Australia’s IT shops are casting a wider net in the search for talent, onboarding people whose physical location would previously have precluded them from even applying.
CIOs and other leaders from a variety of organisations - from Telstra and AMP to Flight Centre and REST Super - are recruiting talent from a national and, in some cases, international talent pool, having proven during the pandemic that a fully remote operating model is possible.
“We’ve really opened our minds,” nib Group CIO Brendan Mills told FST Media’s Future of Financial Services conference.
“We’ve made it work now for eight months. There’s no reason why we can’t make it work long term.”
Prior to the pandemic, “nine times out of 10” nib would have only employed someone that lived within a commutable distance from either the head office or a satellite office.
“They may have chosen to commute some distance, but there was a general understanding that whilst we’d be flexible and allow them to work from home because we had a policy around that already and we encourage that, that they’d be somewhere close to the office still so they could commute if required,” Mills said.
“I think now that barrier’s gone and it opens up a national market or an international market.
“We’re even having conversations about offshore resources where we’ve got some people exploring that right now.”
AMP has similarly expanded its horizons as it hunts for technology talent.
“The talent pool has widened significantly,” AMP’s group head of technology for modern enterprise infrastructure Abdullah Khan told the FST conference.
“Traditionally we wouldn’t look at people from other geographical locations to come and work for transformation programs [whereas] now we are doing that.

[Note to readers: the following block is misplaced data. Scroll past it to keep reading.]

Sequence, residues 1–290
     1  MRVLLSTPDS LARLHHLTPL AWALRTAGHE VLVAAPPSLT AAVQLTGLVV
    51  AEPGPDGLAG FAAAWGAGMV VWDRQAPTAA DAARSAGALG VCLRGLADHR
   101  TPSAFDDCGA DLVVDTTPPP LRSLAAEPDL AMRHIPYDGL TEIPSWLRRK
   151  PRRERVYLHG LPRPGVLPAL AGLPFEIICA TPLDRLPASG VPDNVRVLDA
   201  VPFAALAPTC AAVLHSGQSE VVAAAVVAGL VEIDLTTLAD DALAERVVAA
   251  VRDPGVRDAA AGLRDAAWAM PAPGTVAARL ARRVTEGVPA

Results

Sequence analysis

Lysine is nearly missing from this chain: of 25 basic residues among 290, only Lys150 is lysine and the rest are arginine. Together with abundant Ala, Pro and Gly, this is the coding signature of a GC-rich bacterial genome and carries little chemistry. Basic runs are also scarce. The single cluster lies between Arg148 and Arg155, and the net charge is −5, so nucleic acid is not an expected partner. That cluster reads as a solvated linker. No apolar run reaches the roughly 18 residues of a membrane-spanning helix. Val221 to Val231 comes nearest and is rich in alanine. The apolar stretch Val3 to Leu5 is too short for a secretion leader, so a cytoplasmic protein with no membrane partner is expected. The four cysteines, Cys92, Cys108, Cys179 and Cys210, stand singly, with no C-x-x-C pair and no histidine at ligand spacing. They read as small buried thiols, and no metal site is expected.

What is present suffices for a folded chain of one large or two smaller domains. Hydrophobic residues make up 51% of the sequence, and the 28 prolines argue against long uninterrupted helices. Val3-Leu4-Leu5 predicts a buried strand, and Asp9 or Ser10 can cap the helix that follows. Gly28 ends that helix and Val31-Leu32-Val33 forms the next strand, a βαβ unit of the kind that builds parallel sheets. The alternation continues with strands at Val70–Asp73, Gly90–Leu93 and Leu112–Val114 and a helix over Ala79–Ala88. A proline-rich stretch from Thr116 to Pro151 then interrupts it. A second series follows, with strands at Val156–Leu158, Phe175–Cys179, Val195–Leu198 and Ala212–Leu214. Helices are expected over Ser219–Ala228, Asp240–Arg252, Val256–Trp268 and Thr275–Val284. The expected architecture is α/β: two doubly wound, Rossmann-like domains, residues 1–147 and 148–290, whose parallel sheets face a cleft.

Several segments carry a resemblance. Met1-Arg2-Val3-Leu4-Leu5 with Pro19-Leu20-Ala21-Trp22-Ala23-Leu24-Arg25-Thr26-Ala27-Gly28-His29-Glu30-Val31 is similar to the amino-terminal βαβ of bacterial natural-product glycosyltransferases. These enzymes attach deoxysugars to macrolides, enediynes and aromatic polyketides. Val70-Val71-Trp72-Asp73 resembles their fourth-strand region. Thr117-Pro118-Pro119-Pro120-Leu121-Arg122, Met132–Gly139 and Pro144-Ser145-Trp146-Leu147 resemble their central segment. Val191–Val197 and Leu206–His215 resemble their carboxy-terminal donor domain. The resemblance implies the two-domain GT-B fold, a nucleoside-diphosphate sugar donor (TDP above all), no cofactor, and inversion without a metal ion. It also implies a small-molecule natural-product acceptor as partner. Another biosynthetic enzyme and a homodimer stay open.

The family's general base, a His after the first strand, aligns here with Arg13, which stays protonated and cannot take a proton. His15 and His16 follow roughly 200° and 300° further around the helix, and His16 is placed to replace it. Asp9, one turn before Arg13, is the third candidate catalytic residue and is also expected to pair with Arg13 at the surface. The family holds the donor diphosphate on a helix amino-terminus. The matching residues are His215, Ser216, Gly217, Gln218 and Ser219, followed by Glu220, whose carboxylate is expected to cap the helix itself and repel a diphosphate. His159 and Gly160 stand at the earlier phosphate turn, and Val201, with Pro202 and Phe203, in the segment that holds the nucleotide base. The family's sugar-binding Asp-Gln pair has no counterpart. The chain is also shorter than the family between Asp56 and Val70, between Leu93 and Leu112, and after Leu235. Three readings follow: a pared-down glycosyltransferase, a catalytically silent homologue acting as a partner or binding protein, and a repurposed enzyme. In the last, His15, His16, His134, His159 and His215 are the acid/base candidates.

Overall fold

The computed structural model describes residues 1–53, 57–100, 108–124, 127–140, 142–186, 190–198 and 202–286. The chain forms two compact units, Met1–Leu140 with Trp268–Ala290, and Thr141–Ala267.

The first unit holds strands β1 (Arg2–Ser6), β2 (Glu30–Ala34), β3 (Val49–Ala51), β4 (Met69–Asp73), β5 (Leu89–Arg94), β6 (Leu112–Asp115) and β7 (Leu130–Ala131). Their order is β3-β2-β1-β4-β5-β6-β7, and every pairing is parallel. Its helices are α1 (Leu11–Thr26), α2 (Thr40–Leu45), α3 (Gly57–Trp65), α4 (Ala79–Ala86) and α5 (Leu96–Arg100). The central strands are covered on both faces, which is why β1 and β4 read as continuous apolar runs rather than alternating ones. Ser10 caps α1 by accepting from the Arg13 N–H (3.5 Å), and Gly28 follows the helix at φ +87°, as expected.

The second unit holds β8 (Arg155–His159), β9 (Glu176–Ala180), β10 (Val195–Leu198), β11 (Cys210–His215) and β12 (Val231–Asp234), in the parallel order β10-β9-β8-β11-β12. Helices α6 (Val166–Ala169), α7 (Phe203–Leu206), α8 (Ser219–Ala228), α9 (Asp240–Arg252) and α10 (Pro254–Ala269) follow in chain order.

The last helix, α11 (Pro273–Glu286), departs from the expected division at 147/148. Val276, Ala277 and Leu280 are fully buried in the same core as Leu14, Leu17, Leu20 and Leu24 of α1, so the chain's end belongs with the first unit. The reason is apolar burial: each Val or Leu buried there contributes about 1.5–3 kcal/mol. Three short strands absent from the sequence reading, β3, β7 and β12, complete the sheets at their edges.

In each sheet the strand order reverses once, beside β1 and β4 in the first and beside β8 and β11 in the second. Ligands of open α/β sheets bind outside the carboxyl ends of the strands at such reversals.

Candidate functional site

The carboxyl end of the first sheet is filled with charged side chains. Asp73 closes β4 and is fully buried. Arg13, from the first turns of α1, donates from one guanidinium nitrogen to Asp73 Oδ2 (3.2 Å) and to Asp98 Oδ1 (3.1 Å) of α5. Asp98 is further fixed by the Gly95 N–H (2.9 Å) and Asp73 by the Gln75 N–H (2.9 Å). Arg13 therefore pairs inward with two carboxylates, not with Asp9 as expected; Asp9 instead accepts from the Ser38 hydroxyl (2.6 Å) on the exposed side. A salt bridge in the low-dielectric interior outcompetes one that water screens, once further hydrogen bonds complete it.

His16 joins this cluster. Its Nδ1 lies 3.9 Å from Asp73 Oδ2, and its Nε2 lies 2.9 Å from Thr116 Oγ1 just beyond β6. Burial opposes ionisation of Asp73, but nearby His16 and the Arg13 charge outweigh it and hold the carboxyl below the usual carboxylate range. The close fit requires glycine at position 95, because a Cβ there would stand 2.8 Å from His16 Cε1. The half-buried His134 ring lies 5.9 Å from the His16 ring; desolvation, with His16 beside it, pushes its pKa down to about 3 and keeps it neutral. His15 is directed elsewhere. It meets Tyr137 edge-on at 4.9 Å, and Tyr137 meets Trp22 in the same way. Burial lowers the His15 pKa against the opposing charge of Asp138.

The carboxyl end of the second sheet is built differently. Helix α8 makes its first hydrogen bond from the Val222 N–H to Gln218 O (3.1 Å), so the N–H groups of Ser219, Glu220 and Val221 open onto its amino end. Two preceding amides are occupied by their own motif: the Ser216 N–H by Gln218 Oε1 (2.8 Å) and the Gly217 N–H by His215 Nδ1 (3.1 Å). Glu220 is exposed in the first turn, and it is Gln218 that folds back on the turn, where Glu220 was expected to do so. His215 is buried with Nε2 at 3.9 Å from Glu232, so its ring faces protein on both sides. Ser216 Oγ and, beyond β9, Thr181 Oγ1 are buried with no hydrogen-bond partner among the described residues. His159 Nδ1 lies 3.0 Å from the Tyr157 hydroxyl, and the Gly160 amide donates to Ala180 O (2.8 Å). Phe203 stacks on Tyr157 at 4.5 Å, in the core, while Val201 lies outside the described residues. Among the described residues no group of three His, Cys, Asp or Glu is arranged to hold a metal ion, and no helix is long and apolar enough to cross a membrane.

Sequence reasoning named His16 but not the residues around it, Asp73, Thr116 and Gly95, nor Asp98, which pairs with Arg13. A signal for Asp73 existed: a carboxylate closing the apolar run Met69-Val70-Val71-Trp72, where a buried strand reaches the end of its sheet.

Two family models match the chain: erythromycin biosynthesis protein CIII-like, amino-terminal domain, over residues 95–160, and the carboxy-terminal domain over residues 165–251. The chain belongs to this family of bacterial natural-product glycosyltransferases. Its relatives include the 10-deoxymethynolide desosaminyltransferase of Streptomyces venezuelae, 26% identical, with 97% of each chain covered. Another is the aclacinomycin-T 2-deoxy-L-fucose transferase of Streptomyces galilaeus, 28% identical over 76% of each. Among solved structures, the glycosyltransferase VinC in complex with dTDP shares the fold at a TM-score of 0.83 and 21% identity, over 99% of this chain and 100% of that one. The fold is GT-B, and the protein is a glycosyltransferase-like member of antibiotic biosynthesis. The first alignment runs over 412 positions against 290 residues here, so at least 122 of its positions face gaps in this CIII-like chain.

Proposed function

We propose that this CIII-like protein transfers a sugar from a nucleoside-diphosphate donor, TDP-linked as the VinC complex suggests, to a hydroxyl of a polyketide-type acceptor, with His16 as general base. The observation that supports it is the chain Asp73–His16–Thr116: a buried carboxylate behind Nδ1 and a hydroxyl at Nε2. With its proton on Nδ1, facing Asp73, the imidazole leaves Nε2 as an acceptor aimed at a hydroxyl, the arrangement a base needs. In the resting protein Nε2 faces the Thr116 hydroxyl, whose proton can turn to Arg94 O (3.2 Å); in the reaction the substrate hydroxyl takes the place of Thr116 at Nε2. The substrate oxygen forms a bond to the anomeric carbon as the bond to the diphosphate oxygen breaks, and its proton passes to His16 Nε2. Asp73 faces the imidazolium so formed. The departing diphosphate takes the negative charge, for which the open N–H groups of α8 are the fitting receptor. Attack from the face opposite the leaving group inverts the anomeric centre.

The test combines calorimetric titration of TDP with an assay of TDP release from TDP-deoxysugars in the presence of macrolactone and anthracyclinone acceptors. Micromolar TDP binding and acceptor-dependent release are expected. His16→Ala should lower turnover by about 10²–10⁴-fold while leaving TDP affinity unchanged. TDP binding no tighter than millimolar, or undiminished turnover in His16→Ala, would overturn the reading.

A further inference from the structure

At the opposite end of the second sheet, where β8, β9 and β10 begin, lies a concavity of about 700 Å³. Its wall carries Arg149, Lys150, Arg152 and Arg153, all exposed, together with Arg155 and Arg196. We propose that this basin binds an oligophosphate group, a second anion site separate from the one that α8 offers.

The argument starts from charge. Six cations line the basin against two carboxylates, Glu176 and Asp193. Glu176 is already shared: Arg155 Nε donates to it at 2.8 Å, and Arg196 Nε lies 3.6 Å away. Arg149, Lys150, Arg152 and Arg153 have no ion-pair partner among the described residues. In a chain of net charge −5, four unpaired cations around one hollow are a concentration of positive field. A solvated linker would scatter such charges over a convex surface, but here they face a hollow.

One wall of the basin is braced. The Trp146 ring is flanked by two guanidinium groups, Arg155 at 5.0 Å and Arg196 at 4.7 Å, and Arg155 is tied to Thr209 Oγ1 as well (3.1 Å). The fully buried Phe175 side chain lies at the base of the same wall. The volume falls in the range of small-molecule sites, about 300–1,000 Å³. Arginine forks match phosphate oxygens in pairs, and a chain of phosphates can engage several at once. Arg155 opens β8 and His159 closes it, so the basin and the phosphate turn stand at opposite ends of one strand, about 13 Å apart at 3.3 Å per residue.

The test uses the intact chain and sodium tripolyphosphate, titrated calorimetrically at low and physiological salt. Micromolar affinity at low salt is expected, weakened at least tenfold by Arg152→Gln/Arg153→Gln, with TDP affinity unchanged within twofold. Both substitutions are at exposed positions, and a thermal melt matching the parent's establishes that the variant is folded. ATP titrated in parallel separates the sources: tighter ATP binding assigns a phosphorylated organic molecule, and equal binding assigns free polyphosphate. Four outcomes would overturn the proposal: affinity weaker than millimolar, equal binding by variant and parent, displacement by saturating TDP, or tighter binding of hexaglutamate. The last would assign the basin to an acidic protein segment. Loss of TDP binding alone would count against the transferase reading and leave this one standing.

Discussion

“It’s opened up [a] whole paradigm [of what] we consider as a viable option for us: people working on our programs who have never met each other physically but they’re working together.”
Telstra’s group owner for next gen people practices Julian Clarke told iTnews it took the pandemic “to fundamentally shift us from a workforce that sees home working as a nice-to-do, to a permanent fixture in the work-life juggle”.
“We’ve had a flexible approach to recruitment since we introduced All Roles Flex in 2014, but Covid has broadened this view to include roles that have traditionally been restricted to a certain location, like our contact centres,” Clarke said.
“During Covid we recruited thousands of temporary roles in our Australian contact centres and the location for many of these was flexible because we had accelerated the ability of our sales and service teams to work from home – a trial we had started before Covid.
“All of our contact centre team members in Australia are now fully set-up to work from home, with 80 percent working at home on any given day now.
“We’re looking at how we can expand this even further and make the location of more roles a lot more flexible, which we expect will also create more opportunities in regional Australia.”
For ING Australia’s executive director of human resources Fiona Monfrooy, the pandemic had shown that much of IT could be managed fully remotely.
“In the tech world we were trialling a distributed agile workforce anyway and that has been accelerated during Covid,” Monfrooy told the FST conference.
“For example we were trialling technology releases remotely but we’ve now moved to doing this fully remotely and a lot more frequently, and have proven that we don’t need people on the site.
“That means we can source talent from different parts of the world. It opens up the talent search opportunities significantly, especially in the tech space.”